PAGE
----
When Stephen lived in St. Petersburg, he learned about the Russian classic movie, Ирония судьбы, или С лёгким паром! (Ironiya sudby, ili S lyogkim parom!; The Irony of Fate, or Enjoy your Bath!) and bought us a dvd of it.
I watched that and also the sequel, Ирония судьбы: Продолжение (Ironiya sudby 2; The Irony of Fate 2). In the sequel, the original actors continue the story, now 30 years later. Can you think of any other movies in which the story line continues that long, with the actors aging naturally?
The movie is a sad love story, but also a farce, with slapstick, rampant misunderstandings, demonstrations of the limits of logic, and still, strikingly honest and insightful comments on the human condition. It shows some of the best and worst of Russia.
It’s easy to understand why watching Ironiya sudby has become a New Year’s Eve tradition in Russia. We followed that tradition here in two parts, the first on New Year’s Day and the second last night. In between, Emily and Stephen prepared a special Russian dinner, including borscht, salade Olivier, and blinis with herring, salmon, onions, and creamed butter.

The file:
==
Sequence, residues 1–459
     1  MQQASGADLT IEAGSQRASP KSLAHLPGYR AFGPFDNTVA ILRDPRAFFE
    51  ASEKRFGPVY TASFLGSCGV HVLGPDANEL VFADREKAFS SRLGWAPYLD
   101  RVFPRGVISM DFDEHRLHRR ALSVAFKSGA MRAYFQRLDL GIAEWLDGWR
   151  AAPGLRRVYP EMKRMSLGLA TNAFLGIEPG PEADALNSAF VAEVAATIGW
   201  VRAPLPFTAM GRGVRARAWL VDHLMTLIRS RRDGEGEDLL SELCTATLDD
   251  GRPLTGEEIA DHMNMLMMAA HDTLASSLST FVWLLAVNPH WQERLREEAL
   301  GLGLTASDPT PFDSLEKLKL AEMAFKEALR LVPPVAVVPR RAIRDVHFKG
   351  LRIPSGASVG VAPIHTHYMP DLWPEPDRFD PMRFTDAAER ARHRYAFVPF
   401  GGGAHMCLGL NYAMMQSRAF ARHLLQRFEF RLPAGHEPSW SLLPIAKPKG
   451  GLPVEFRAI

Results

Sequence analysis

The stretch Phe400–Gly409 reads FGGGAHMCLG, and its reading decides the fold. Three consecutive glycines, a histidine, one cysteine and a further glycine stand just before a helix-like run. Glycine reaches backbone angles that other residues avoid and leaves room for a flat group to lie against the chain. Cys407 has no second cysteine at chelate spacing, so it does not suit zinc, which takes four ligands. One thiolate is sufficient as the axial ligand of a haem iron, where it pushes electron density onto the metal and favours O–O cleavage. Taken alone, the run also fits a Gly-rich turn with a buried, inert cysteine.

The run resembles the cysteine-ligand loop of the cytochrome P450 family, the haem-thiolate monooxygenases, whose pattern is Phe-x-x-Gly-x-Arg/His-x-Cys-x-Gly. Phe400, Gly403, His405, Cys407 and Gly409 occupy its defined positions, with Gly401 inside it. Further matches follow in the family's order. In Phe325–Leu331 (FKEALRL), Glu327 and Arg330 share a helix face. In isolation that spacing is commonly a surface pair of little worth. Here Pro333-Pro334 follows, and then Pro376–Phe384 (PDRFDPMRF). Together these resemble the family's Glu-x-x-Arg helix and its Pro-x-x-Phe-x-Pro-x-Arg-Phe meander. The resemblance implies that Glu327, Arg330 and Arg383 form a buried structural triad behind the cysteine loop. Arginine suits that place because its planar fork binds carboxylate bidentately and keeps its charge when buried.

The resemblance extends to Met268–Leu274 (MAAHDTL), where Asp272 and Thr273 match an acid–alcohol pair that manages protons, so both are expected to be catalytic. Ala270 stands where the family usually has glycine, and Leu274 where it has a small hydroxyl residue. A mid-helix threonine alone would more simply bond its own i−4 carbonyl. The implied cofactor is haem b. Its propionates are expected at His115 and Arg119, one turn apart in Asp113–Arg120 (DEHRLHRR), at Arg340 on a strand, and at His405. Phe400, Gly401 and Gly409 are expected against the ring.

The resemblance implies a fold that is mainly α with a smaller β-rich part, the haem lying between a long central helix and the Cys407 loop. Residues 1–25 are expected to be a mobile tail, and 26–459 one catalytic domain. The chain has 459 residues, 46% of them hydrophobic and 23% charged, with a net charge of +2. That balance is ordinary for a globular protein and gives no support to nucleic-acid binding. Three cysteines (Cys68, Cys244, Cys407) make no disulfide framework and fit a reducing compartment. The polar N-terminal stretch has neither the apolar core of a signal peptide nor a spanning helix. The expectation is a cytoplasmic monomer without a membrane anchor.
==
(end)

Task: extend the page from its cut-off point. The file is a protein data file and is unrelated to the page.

Zhenya and Nadya were the same as always. He’s 36, a talented surgeon, but nerdy and shy. It’s not clear where his life is going next or what he wants to commit to doing. Nadya is a literature teacher, beautiful, but also somewhat shy and unsure of herself. Together with Galya and Ippolit they stumble through a bizarre, yet oddly-believable, sequence of events in which they learn what matters most.
If you were to hear the plot ahead of time, you’d not only lose some of the fun, but you might wrongly conclude that it’s contrived and silly. Instead, that plot becomes a muted background, which the viewer quickly catches onto. It then serves like the click-clack of a train (here, the faceless architecture of the Brezhnev era), with the real action going on inside the railroad cars.
I especially like the guitar-accompanied songs, which are based on poems by Boris Pasternak, Marina Tsvetayeva, Yevgeny Yevtushenko, Bella Akhmadulina, and others. They fit with the story, and they’re sung in full.